This story was updated at 11 p.m. on April 9, 2020 to include additional details on program requirements.
Maryland Secretary of Commerce Kelly Schulz said she hopes more financial assistance is coming for businesses after applications for two state grant and loan programs were closed on Monday.
A notice on the Department of Commerce website says it “is no longer accepting new applications for its COVID-19 Relief Grant and Loan Programs” as of 5 p.m. April 6.
When Gov. Larry Hogan announced the relief funds on March 23, there was an “immediate response of thousands of applications,” Schulz said.
The department had to build a new system to handle the applications. More than 100 volunteers have been recruited to help review the applications.
The closing of applications left many businesses without the ability to seek help from the state, although Montgomery County is now launching its own relief fund for businesses.
“Hopefully, with the passage of some of the federal relief through [the federal Coronavirus Aid, Relief and Economic Security, or CARES] Act and some of the other programs, we’re hoping to be able to get some additional funds into the state,” Schulz said. “If we can get those additional funds into the state, obviously it will be one of our priorities to try to put some more into these funds to be able to serve the existing applications that we have on file.”
Although the state’s business relief grant fund and business relief loan funds are closed to applications, Schulz said applications are still being taken for manufacturers retrofitting their systems to provide critical medical supplies and equipment during the coronavirus pandemic.
Grants of up to $100,000 will be provided through that program to purchase equipment and hire additional workers, she said.
Schulz addressed questions about state funding for small businesses Thursday during a webinar hosted by Montgomery County Vice President Tom Hucker.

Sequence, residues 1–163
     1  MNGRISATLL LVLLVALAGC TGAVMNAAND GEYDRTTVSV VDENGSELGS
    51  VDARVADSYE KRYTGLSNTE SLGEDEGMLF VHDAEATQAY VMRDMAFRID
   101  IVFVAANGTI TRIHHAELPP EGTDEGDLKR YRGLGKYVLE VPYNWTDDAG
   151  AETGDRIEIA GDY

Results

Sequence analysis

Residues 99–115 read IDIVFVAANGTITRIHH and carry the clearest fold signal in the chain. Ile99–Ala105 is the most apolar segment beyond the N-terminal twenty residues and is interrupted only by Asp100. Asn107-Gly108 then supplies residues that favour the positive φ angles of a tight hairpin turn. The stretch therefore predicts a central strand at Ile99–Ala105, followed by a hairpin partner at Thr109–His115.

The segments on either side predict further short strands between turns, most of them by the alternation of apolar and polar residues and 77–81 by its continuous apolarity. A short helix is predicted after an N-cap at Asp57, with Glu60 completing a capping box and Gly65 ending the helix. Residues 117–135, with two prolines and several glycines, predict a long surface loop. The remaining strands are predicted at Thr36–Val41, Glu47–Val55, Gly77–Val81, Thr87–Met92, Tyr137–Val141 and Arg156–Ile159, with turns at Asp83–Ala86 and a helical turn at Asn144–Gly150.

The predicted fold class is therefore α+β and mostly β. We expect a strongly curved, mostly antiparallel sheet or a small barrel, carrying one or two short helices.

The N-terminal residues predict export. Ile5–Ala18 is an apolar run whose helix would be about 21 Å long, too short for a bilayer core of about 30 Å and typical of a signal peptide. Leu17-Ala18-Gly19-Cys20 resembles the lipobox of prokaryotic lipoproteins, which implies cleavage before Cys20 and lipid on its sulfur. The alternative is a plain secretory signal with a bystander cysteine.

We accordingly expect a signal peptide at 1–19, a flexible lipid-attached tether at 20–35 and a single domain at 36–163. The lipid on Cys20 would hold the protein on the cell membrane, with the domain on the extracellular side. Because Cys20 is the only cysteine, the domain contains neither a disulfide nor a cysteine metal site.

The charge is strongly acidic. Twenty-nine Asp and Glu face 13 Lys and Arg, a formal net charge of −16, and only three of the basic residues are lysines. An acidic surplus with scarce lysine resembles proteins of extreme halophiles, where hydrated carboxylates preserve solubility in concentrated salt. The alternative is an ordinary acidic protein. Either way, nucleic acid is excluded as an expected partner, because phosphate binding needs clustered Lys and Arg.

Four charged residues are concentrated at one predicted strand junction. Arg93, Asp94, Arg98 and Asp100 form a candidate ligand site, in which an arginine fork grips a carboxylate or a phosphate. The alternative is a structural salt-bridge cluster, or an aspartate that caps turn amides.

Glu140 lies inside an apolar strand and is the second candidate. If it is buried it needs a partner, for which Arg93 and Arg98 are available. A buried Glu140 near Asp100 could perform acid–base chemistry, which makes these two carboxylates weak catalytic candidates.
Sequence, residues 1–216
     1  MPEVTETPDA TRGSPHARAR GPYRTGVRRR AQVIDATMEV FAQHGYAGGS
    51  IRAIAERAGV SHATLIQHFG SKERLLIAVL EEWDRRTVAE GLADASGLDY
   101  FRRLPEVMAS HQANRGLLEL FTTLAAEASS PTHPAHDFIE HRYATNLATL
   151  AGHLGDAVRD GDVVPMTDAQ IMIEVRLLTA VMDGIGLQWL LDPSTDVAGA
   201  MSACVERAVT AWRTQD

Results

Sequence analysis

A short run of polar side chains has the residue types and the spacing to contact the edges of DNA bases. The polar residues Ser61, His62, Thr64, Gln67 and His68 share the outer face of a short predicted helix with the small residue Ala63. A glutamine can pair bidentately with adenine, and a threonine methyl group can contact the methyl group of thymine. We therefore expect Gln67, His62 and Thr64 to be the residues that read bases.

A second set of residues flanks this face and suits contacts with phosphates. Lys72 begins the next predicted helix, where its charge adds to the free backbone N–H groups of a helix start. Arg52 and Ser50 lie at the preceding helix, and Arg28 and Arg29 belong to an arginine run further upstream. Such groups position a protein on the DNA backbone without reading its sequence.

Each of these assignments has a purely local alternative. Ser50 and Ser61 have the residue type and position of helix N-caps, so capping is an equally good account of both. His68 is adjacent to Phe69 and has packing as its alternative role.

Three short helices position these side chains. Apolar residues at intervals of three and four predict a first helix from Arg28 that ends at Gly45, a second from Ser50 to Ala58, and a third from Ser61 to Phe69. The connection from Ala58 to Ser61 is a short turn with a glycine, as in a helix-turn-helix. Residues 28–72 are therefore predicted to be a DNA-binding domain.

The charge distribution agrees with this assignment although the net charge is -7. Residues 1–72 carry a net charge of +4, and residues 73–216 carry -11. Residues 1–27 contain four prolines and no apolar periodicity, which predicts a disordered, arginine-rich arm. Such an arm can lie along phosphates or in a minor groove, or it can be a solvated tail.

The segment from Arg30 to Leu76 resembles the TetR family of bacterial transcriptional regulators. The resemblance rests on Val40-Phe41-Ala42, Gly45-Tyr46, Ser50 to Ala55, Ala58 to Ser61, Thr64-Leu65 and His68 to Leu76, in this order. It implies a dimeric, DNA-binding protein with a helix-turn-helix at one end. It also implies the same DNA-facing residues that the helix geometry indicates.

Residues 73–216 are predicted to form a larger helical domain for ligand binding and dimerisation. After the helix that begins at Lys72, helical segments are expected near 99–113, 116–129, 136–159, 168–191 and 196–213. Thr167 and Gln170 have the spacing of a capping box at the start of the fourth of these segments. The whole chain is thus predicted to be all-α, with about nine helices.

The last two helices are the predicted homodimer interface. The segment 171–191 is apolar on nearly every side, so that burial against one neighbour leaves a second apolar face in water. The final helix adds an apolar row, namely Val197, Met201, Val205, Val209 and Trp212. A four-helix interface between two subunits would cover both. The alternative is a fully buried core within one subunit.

During the webinar, which about 150 people attended, instructions were also reviewed for how to apply for the county’s $20 million Public Health Emergency Grant Program for small businesses and nonprofits.
The applications are expected to open on Monday or Tuesday and will most likely be approved on a rolling basis, according to Montgomery County Business Liaison Officer Daniel Koroma.
Grants of up to $75,000 will be provided to businesses and nonprofits with no more than 100 employees. Other eligibility requirements include the need for the primary location to be in the county, or more than 50% of the employees must work in the county, or more than 50% of revenue is made in the county.
Another requirement is that businesses and nonprofits apply for state and federal grants prior to applying for grants from the county. Because the two major state funds are closed to applications, Koroma said there will be an option for county applicants to indicate that they were not able to apply for the state grants. When applicants are prompted to select which state and federal funds they applied to, they should select “other” and indicate they were not able to because of closed applications, he said.
Twenty-five percent, or $5 million, of the funds will be specifically reserved for the restaurants and retail storefront businesses.
Mini grants of up to $2,500 will be provided to help cover costs of purchasing technology equipment and software for employees to work remotely.
Hucker said he and Council Member Nancy Navarro are considering a proposal for additional funds specifically for restaurants and retail. He did not say how much those additional funds might be.
Koroma said applications will be considered based on the amount of revenue lost because of Hogan’s orders for nonessential businesses to close because of the coronavirus. Restaurants were allowed to stay open only for takeout and delivery service.
State Sen. Cheryl Kagan, who represents District 17, asked how the county will prioritize and select which entities will be funded. She requested that no geographic areas be left out when considering applications.
Koroma said the regulations have not been finalized yet, but the language in the legislation stresses a focus on a significant decline in revenue.
“Those are the ones we’ll have to look at first,” he said.